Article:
Stellar Cast is the Perfect Prescription

Out in theaters on Feb. 8, the movie "Side Effects" is a psychological thriller starring prominent actors who persuade and enthrall viewers into a warped and stimulating storyline right until the very end.

Leading actors Jude Law, Catherine Zeta-Jones and Channing Tatum take their audience on an exhilarating ride as they focus on prevalent problems in the medical field by over-prescribing medication and under-diagnosing patients.

"I loved all parts of this movie. It was an interesting story," senior Rachel Day said. "I really liked how it touched on the issues of people who are treated and sometimes misdiagnosed because they feel hopeless."

The movie begins when a woman seeks medical treatment for depression after her husband returns from prison after four years for insider trading. After uniting with her former psychiatrist, she's put on a new antidepressant called Ablixa that is later revealed to have a side effect of sleepwalking. Her world begins to unravel after she inadvertently kills her husband in the distorted mental state compelled by her medication.

The conspiratorial spiral is exposed when the burden of the murder falls onto the innocent psychiatrist who has lost everything at this patient's expense and relentlessly decides to dig for answers.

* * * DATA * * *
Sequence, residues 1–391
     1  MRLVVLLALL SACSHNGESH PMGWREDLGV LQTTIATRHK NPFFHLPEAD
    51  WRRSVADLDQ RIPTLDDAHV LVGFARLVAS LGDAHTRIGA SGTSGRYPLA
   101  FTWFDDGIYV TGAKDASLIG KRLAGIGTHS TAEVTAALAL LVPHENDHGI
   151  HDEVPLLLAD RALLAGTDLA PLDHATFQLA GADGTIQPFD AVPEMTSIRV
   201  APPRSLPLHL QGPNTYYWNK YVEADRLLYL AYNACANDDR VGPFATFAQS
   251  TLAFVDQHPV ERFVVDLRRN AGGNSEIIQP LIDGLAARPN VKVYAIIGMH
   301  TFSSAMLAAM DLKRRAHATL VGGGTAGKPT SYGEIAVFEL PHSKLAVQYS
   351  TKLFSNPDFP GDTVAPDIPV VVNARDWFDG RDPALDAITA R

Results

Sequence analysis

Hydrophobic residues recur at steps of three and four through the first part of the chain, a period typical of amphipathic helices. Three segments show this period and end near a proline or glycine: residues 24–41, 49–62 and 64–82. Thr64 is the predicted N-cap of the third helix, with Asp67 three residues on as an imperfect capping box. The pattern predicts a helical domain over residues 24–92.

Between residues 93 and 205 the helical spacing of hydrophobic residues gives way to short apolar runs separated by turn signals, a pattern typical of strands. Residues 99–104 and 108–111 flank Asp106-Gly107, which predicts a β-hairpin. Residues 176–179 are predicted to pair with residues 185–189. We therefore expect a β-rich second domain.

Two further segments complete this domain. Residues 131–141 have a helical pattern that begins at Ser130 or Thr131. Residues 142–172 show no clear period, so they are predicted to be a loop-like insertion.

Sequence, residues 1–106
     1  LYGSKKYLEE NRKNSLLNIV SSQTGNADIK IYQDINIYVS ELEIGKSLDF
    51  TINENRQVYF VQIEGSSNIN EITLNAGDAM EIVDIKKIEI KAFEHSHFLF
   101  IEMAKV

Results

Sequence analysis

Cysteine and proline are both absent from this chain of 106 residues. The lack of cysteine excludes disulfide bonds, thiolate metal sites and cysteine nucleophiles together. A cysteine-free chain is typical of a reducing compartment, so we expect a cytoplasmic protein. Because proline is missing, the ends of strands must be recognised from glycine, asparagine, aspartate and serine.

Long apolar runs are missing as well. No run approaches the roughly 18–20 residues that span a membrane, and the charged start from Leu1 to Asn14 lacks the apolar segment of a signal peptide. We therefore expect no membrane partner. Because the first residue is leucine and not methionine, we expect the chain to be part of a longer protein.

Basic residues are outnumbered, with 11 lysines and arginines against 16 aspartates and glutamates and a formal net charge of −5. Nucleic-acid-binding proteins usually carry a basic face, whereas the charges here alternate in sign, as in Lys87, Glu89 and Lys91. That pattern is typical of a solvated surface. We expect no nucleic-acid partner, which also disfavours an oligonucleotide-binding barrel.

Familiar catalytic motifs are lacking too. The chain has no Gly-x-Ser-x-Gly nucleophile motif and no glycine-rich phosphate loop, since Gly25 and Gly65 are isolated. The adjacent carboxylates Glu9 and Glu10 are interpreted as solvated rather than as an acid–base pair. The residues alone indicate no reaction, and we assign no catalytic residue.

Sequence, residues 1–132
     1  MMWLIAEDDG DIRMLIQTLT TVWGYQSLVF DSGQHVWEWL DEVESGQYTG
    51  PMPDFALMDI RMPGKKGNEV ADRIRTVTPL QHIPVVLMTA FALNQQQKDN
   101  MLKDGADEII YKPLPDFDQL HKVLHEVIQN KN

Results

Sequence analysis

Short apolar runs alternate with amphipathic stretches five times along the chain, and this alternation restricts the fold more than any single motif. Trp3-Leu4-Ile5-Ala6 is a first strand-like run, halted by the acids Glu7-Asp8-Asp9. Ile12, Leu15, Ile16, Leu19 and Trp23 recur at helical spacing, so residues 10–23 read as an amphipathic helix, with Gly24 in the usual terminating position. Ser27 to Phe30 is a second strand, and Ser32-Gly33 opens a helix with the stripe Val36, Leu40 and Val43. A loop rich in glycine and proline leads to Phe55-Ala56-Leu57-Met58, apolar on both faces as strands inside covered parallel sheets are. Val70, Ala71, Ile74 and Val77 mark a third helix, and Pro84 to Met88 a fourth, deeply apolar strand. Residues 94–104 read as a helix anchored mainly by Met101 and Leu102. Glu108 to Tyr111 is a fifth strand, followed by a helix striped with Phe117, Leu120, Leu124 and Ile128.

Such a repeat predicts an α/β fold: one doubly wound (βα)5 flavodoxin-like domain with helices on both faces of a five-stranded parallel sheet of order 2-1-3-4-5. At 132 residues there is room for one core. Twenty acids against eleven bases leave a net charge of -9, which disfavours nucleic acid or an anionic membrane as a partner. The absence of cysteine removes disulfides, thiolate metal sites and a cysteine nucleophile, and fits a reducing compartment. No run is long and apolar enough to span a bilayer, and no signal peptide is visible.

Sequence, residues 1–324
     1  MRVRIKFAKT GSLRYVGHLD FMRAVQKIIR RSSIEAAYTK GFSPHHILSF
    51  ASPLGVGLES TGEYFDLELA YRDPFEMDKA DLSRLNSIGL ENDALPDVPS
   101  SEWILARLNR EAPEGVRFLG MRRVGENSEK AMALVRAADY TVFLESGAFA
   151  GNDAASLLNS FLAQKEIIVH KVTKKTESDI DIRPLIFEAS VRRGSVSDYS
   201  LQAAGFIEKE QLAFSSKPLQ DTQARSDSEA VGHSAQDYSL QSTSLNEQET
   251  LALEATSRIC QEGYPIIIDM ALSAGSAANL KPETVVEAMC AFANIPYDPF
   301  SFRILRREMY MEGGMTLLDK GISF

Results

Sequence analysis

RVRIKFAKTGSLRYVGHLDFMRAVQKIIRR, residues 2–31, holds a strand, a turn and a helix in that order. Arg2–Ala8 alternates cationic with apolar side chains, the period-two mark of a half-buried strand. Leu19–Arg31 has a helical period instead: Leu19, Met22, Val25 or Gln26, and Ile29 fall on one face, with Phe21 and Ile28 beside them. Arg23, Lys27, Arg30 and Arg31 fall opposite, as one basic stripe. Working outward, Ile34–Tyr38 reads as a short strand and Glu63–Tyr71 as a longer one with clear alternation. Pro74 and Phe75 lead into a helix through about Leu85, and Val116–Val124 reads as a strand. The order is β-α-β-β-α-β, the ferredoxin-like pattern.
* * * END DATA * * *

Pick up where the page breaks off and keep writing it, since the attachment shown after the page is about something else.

"This movie was interesting because it touches on how medication is easily accessible to people without even having any true medical depression," junior Katie Callons said.

The irony of the movie lies in the title, "Side Effects," because it describes both the ramifications of the drug itself as well as the domino effect of destruction as each person's choices affects the others. 

It is a compelling portrayal on how corrupt the medical community can be, trying to make money off of their patients without thorough research or diagnosis. The moral of the story centers on how prescriptions are being given out too easily without being monitored.

"They definitely had some inside market incentive to make quick money out of the drug, advertise it and market it to boost the interest, and therefore the profit can go up and it's not for the benefit of their patients," said Bobby Antonicello, a recent graduate of Ramapo College.

This movie was captivating during the beginning, middle and end. The suspense built up with each scene, leading to a bigger secret and then to the unexpected outcome, and viewers won't want to miss a heartbeat.